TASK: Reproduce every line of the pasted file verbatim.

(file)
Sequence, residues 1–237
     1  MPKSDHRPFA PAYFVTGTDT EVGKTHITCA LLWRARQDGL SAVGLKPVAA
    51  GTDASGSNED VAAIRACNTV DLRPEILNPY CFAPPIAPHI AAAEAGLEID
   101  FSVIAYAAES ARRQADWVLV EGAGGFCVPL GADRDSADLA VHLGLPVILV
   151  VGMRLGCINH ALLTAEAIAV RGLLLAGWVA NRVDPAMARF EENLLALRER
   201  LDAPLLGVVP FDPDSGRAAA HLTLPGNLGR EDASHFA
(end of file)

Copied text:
Sequence, residues 1–237
     1  MPKSDHRPFA PAYFVTGTDT EVGKTHITCA LLWRARQDGL SAVGLKPVAA
    51  GTDASGSNED VAAIRACNTV DLRPEILNPY CFAPPIAPHI AAAEAGLEID
   101  FSVIAYAAES ARRQADWVLV EGAGGFCVPL GADRDSADLA VHLGLPVILV
   151  VGMRLGCINH ALLTAEAIAV RGLLLAGWVA NRVDPAMARF EENLLALRER
   201  LDAPLLGVVP FDPDSGRAAA HLTLPGNLGR EDASHFA